At a time when even the Vatican is grinding towards a more liberal outlook, the unforgettable “Stations of the Cross” provides a fist-clenched, pit-in-your-stomach reminder of the power of religious fundamentalism.
Fourteen scenes, each unfolding in only a single shot, tell the story of Maria (Lea van Acken), a fourteen-year-old student and committed member of her fundamentalist Catholic parish. Maria is being raised in the modern world, but under an education by her church and parents that teach a literal interpretation of the bible. Her understanding of religion stretches as far as to, at the demands of her mother (Franziska Weisz), reject the “satanic rhythms” of rock, pop, and even gospel music and, at the request of her priest (Florian Stetter), give up everyday pleasures such as clothing and dessert in order to offer sacrifices to Christ.
The fourteen scenes, each of which are captured in a single take running five to fifteen minutes, are titled with the fourteen Stations of the Cross (the stages of Christ’s crucifixion as featured in artistic renderings). Conflict arises when Maria meets a boy at school (Georg Wesch) and falls into an internal crisis fueled by guilt and fear of her volatile mother.
Weisz is a frightening presence on-screen as a woman whose absolute commitment to a theology is paired with a self-imposed ignorance to other ways of life. Rising German talent Florian Stetter (“Beloved Sisters”) plays a priest whose kind face can distract from the fact that he teaches children a 2,000-year history of the world. Most impressive of all, though, is young van Acken who is prolific in her on-screen performance. Together, the cast of adults and children run through dialogue that stretches past fifteen minutes a take – dialogue that features characters talking over one another, changing topics, arguing, and moving about the frame. A moving car-shot is inserted at just the right moment, and the pacing is never harmed by the aesthetic choices. It’s a fascinatingly complex presentation stuffed into the simplicity of a “14-shot film.”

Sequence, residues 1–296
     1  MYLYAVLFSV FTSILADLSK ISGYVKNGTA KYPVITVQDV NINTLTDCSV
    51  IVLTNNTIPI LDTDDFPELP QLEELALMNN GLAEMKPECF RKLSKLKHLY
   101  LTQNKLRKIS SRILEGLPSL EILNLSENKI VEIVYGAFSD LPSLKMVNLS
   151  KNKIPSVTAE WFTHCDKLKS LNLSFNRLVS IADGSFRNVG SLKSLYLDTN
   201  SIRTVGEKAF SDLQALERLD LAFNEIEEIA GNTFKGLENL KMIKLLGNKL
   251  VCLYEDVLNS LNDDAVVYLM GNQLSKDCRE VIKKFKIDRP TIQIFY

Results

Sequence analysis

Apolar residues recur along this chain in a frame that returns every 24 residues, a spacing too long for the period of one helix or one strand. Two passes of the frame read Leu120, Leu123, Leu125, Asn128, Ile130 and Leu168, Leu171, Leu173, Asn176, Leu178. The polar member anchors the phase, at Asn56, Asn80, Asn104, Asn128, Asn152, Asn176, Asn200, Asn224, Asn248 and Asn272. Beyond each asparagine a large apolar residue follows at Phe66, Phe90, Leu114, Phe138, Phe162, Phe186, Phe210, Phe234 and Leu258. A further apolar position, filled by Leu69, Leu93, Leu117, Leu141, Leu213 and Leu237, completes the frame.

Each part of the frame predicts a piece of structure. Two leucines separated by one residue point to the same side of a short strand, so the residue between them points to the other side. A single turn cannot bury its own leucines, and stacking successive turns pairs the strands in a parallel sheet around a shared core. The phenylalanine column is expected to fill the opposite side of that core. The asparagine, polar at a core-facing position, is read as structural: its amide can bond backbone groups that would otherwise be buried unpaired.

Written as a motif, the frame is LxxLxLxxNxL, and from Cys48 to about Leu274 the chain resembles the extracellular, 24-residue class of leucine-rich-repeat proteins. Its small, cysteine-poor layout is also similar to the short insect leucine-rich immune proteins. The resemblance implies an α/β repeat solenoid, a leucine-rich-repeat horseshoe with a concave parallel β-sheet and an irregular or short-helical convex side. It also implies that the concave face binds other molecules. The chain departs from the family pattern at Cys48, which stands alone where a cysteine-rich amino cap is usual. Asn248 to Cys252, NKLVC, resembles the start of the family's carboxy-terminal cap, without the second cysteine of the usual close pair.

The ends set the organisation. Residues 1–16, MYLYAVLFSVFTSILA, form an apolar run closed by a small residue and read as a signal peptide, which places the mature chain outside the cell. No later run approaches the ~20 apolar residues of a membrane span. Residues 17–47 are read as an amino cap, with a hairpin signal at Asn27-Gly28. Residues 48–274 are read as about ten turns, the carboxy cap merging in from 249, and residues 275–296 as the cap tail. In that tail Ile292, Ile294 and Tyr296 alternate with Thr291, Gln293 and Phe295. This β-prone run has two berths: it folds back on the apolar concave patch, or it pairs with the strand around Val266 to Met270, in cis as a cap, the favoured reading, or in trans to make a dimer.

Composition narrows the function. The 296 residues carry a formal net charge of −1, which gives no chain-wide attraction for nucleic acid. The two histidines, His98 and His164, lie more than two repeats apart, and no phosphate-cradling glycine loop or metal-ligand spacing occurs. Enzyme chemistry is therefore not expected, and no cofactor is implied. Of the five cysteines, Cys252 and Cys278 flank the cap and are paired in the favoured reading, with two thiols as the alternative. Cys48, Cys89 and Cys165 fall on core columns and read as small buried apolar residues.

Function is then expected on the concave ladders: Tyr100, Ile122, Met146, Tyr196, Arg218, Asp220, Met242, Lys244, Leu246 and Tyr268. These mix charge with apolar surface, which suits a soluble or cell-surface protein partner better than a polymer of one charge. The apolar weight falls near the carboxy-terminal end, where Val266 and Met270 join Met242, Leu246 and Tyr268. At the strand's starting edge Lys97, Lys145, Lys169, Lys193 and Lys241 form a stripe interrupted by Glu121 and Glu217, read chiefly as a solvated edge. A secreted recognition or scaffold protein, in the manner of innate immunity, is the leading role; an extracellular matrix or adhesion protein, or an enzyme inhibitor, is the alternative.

Dietrich Brüggemann (“Run If You Can”) directs and co-writes with his sister Anna. Let’s hope this is an international breakout film for the both of them, as they deserve financing for a dozen more films. “Stations of the Cross” is one of the most arresting pieces of work, of any medium, I’ve ever seen. It’s a powerful indictment of religious extremism that’s as provocative as it is deeply upsetting. Brüggemann isn’t condemning religion altogether here, making this a must-see discussion piece for viewers of all faiths. Just don’t bring a fundamentalist – by the end they’ll have big problems with the film and you’ll have big problems with them.
10 out of 10 pointsReturn to CIFF 2014 Coverage
German, French, Latin
1 hr. 47 min.
Anna Brüggemann, Lucie Aron, Florian Stetter, Moritz Knapp, Michael Kamp, Franziska Weisz, Lea van Acken, Georg Wesch, Ramin Yazdani